This episode is from the WNYC archives. It may contain language which is no longer politically or socially appropriate.
A documentary radio drama chronicling the debates over the DP Act of 1948. Reenactments of interviews with refugees living in DP camps in Germany and speeches made by Congressmen in June 1948. Critiques range from moral, political and economic positions, the restrictions imposed by the DP act; fine points of the legislation including quotas; dates necessary for qualification as a DP and work requirements made of DPs are included in this historical account. - such as the promise of secure employment before arriving in America and/or the necessity for some kind of agricultural expertise.
Audio courtesy of the NYC Municipal Archives WNYC Collection
WNYC archives id: 2298
Municipal archives id: LT992
This is a machine-generated transcript. Text is unformatted and may contain errors.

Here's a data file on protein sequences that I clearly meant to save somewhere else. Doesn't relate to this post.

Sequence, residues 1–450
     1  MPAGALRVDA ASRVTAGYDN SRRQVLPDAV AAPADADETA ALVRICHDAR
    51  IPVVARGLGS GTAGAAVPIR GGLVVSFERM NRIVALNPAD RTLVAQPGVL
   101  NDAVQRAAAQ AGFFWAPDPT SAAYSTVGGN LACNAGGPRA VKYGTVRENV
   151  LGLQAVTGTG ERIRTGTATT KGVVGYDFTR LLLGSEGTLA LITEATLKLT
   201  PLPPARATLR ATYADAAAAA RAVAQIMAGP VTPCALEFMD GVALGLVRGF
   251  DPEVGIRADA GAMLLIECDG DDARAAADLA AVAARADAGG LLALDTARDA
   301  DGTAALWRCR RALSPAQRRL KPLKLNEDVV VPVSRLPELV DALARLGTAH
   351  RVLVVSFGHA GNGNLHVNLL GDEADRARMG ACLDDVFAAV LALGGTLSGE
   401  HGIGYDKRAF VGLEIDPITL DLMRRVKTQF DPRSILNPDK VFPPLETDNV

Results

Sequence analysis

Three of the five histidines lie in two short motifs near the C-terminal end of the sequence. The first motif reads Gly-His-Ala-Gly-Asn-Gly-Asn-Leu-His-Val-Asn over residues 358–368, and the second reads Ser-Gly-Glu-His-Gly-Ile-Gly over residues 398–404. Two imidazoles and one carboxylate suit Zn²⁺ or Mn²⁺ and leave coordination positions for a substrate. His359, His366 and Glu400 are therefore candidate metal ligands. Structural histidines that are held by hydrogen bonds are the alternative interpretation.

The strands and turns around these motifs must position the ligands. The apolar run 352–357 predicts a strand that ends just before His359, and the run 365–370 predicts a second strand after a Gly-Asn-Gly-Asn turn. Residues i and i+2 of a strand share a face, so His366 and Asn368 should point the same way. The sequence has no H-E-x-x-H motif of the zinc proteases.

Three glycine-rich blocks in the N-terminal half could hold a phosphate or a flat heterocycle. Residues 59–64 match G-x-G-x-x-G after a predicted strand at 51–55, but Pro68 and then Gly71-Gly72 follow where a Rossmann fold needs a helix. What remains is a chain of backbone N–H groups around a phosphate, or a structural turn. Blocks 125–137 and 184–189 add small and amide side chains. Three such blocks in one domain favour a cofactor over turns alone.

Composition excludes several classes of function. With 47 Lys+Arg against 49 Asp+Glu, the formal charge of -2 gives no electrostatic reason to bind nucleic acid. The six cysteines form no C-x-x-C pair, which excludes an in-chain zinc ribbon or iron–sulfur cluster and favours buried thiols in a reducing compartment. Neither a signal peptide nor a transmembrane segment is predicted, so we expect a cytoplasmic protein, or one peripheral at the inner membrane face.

We think. Every misery. In New York. With thank you very much America will never forget that moment. They take and. It's a great you know they can. Do nice freedom. Of Democracy thank you very much. That is the boys of the D.P. the displaced person. He's speaking to you on the occasion of his landing in America last month now listen to the story of the D.P. the delayed. During the next few minutes we will tell you the transcribed story of one displaced person and his family and Americans and what we did not what our Congress has done and what it has not done. To help. The world and in addition we will bring you actual interviews and statements made by among the first arrive in America just a few short weeks ago. Now here is your no later than graphic I'll ask you to pretend with me that today is December twenty second anniversary of the arrival in America of the first displaced press they were displaced from England in the Netherlands because of their religious conviction and they landed at a place called Plymouth on December twenty second sixteen hundred twenty these were the pilgrims who agreed among each other in a solemn compact we do covenant to enact just unequal laws for the general good just. For the general good keep that phrase in mind it'll come in handy today we're concerned with another band of delayed. Delayed and there are red tape listeners. Listeners selfishness and misplaced pride by all the things and all the men would keep America from its proud tradition of sanctuary for the oppressed and weary and downtrodden. We're going to tell you the story of these delayed pilgrims But first we want you to meet some of them and hear what they had to say on the day of their arrival in America. We took the microphone and recording equipment out of the boat on the day of the press. So that you would be able to hear their voice. Now we'd like to talk. With you give us your name. What nationality are you. And where you were in a concentration. Camp. Yes we've heard a lot about some of the other camps I know it's distasteful to you to recall them but would you mind giving us some of your experiences telling us something about the conditions in the concentration camps where you were. And. Where. Any. Time that you might be able to go to the United States. And. If. You are. Let me introduce. Your arrival he is a middle aged man from Poland that's more than a little nervous and shy. As they have you will be able to. Tell you in advance that his name is. Where you're going in there. In America where you're going out. Because. You have family there. And you have your plan to work there yeah you have a grade or a project in the. Men and I think that the main the main thing is to be a free man in the break I put it well and good if. There's one more of our new neighbors who might like you to meet. Perhaps more assured. There's more room for competence in our heart she had more time to make up for what has happened and she too has experienced but she begins by telling you where they money. And their country to come from from Hungary and could you tell me were you in a country. In land. One year. And where other members of your family along with. You were along. Why were you put in the. Right and what what if you're right you were in there were you part of the work yet. You. Think. And how did you manage to get out of. There by them other than the idea. Of you've been at. The Brink and frankly working there if you're from your family there. Yeah. Yeah. Yeah or. Are you going out country. You're going to New York to live there or do you have. A. Break. And. You plan to work. And you hope to get employment there and I think well I'm sure that you will have good luck to you thank you thank you very much. Neighbors and they've given you. A small handful of back about. The conditions they have met in Europe were a classic understatement very bad. Perhaps because as suggested they have strong nature and they're happy to be here because Catherine put it in America everybody is a human. These were three D.P.'s then and it might be wise to go now from the specific to the General and get some facts about the D.P.'s as a group what would your questions be raised you might ask just exactly what is the piece of broadly speaking a D.P. is a displaced person that is a person whose roots were torn up by the war who's been left without a home to which you can return without a country where we can or want to find a home how many of these people are there more than a million perhaps one hundred fifty thousand can and will be repatriated but at least eight hundred fifty thousand cannot all while they both Czechs poll Romanians Yugoslavs Hungary and Catholics Protestants Jews Greek Orthodox men women children who is responsible for them we are humanity it more specifically the United Nations has assumed responsibility part on that basis how great it would have been the responsibility of the United States on the basis of up a national contributions to under our leaders given sanctuary to seven hundred ninety four thousand on the basis of our population as compared to that of other countries no less than four hundred thousand how many are we in fact inviting to come and live with us two hundred thousand as a lot outstanding. That's a big difference how come how come. Because of what happened late last spring in the Senate of the United States. And that as much as anything as why we want to tell the story of one. Typical story the story of. It might be. Just quite normal every name among people is closely related to liberty and the Slavic talk but we have no wish to be ironic but call this man Lynn which is also an ordinary name and ambiguous name can be used to describe. Jack Catholic any land any religion the same sort of ambiguity which should be but is not applied to who shall be offered sanctuary and a new life in America. Calling. It the time of early last June at a table in an office of Marian talk displaced persons camp facing an investigator a man in firing on behalf of the United Nations into the facts of Lynn's case Lind is a Big Mac. The investigator across I understand you wish to go to America that's right and you won't mind if I ask a few questions. We my wife and I. And the rest of your family. My. Brother. In nine hundred forty one. How was it they didn't. I'm a big man and they thought I would feed you wasn't it about that time the Nazis ordered the special killing of the children. Without a watch invent it. Not in February you have to vote at my wife and I remember I remember you. Have to do something. That is sure no. Of course. Of course I ask questions I know the answer to it I know why I should do something like that I just said. I would see a bit of both thinking. Maybe that that she was there and. They caught up on a break up and get to where can we go with Catron and I don't know you and I. Have never find makeup to get. A better thought you. Know. What do you see. Under the window at home but you don't and the floorboards overhead all the spirit. I suspect. You must keep quiet. If you happen to be. Coming. Yes. I am. Sure there's a child here that five years old wage. But you mean old guy she died. But that's seven months. Big. So I actually find that. They. Might have it. All Be quiet. Now. You. Especially at first only five years old hard to understand how long did you have to stay in the home for a day she only came out at night. To play. I mean how many days did she have to hide in the hope. On this same doom day while in talking to the U.N. investigator in Washington in the capital the Senate of the United States is debating the Displaced Person's bill of nine hundred forty eight Paul the wily Rev a call to A and maybe. There was a majority in the Senate of the United States in favor of a decent good bill a bill worthy about tradition but it was late in June shortly before Congress adjourns a handful of men was able to slide this act through and block all attempts to improve it at the time many senators Democrats as well as Republicans fought valiantly to uphold America's tradition our heritage America's responsibility to freedom listen to a plea of Senator Alexander Smith of New Jersey as he spoke in June one thousand forty eight and we quote. It is in the interest of the United States. Gives voice to the conscience of the people of the United States we must not forget that this problem is one which grows out of victory in the war. The bill proposes to determine the eligibility of a displaced person. Whether or not he came into Germany between September first nineteen thirty nine and December twenty second nineteen forty five. This present a problem of difficulty which in my judgment should be carefully considered about two hundred thousand persecuted people played into our Western zone after the killing in Poland in the spring of nineteen forty six in light of the problem presented by this group of people who came into the Americans between nineteen forty five and nine hundred forty seven it would seem appropriate to make a change of the deadline as of Friday of birth nineteen forty seven How important is a date in the Marion Barry camp the U.N. official was asking when some further question. I'm interested in Gates' if you don't mind the years for instance do you remember when it was that you left Villa and. Oh yes I remember what in one hundred forty four nine hundred forty four but that was before the end of the war yes by nine hundred forty four there were only a handful of us left in a villa. It's only a short time ago four years but already it is beginning to be difficult to believe that we suffered so much as you were saying that you left the nine hundred forty four yes. Member how it happened. Then after so knowing. All of us. Cremation. What are we to do. How can we take over become really the only planet. There anywhere nearly thirty. Where to do what to come to my house and break it up between the ceiling off the top floor and there's not too much air space up there are people not be able to live that long but if a guardian. Oh you are coming to I want to. Defeat this site maybe telling others. Everybody follow me. They fall. Between the ceiling and the roof of the building I lived and we lay for two days and terrible thoughts went through our brains and put the torch to the whole section guess if you shot it would not take many. Of us are there screams I heard your man lives in the car and they were going to use gas cheaper than. But they. Just seem. To want to go on living. The home. And one by one to join the peasants looting our homes to mix with them one by one innocently and unnoticed out of history you asked me what it was. It was the late for all of nine hundred forty four the dates are important you came to a camp then in one thousand forty four. Then. Before the war it was gone and I think the government announced but if I had been a Polish object before nine hundred thirty nine I could get back to Poland so I took my family. But the important. First came to a D.P. camp these people. Are important for even while answering the question the rest of you and officials in Washington in the United States senators are still discussing this question of the day. Some of them realize that this question of dates is all important to hundreds of thousands of B.P. others if they realize it gave no sign for in the official committee version of the bill in the version sponsored by Sen Rev A Call it is stated that he is not a displaced person but was registered in a D.P. camp later than December twenty second nineteen forty five Do you remember when it was you came to the D.P. camp Mr Lin if you don't imagine we can check it against the records I remember on and I agree he tried to make a hooman large we hope that I'd lost all would be peace and now was it before December twenty second one hundred forty five that you came to the D.P. camp before. No I don't think so I see the reason be fled from large the reason he came to the camp for the reasons we want to go to America is that in nineteen forty six there were riots in Poland. So it was not until after nine hundred forty six that you came to the D.P. camp for there was no reason to come on to after the terror began. But they were ever called Bill Stepien late but only those who were registered before December twenty second nineteen forty five can be regarded as D.P. So eliminated are all who after that date fled the added Semitic pogroms in Poland the terror of communism in Czechoslovakia your good Slavia and Romania. Have you any agricultural training Mr Lindh know I was a truck driver I see and do you now have a chance to get a job in America think so I'm. No you don't understand what I mean have you a job should you know when you get to America how would that be possible. It's difficult but you have no job promised. Tell me do you know where you're going to live if you go to America. But that's what I. Thought I would find a home for my wife but you have no house no no home or apartment guaranteed you as of this moment. Is it necessary to. See what I can do about your application for Americans to let you think. And see what I can do. For the workers strong here in Washington across the sea side of the Claude Pepper is likewise getting up is rising to make the last speech before the Senate votes on the Wiley river calm version of the Displaced Persons Act one thousand nine hundred forty eight and Senator Pepper is not wildly enthusiastic quote Mr President I cannot refrain from making a few observations with the appalling adequacy of the bill the Baltic states get half of all the quotas that are to be accommodated the Balts having one hundred seventy one thousand and the Jews having one hundred twenty eight thousand one hundred yet Mr President. The displaced persons have been so persecuted so cruelly massacred and butchered as have been the Jewish people the bill but it provides that fifty percent of the people who get pieces must have had agricultural background experience and training. There again criteria have been laid down which if not by design at least by effect discriminates against the most persecuted of all the displaced people is this bill designed to help supply needed help to agriculture or is the deal aimed to provide sanctuary for a persecuted miserable erected homeless people I wonder what sort of a country would have today if only the well to do if only those had been admitted had some financial sponsor or responsible character here to receive it as it become impossible for a poor man or a poor woman to come of this land of the free IF THE PRESIDENT Well the son of the new year to the senator from New Mexico we are now quoting from some of the travelers one of the lads suggested by the senator from Florida. Well what we're going to try to. Pull it out and all the other industrial cities of the nation be there always been such a regulation in the immigration law America would not have been the America we have today if it had not been for the immigrants who bought across our borders and took upon their strong shoulders the work of building America and thank God we did not ask whether they had any rich relatives in America when they came north that they will have saved and sanitary housing available to them without displacing some other person from such housing as required by this bill. The bill passed with all the restrictions which many valiant senators had so bitterly criticized it means that with great good luck maybe two hundred thousand displaced persons will in the next two years be able to find sanctuary here in America. We remember the words of one of the early arrivals the name is Helen Rand and as Tony who came in the first D.P. transport and lives now in Raleigh North Carolina she's talking about the American people in the back of a little then extend their generosity even convince her killer Manning Gemini and hoping to get down to management preferable because the only cure clear that may be placed happened tonight in Germany and it will be anything if human critics pick up his future it will be the eighty first Congress the new Congress which convened in January has high in its agenda the question of rewriting the Displaced Persons Act in such a way as to commit a law which should have been passed in the first place a law which testifies that America's high purposes and generous heart still govern a law like those the first pilgrims agreed to an act just and equal laws for the general good men like Lind waiting. You have just heard the arrival of the late pilgrims transcribed documentary radio drama by Peter Lyle produced by Ted uterus and directed by Frank PAC original music composed and directed by John Gotti the narrator was Ben Graff the cast included chromosome it Roger the coven John McGovern Brian Rayburn John Lazar lay on Johnny on old Robertson said oh so take us Allen Williams and Ron Cochran. A producer of this program wishes to express his appreciation to radio stations W M C A New York and W C O P Boston for the use of their recording facilities their lives are speaking. To. Very. Poor poor. The it fit to.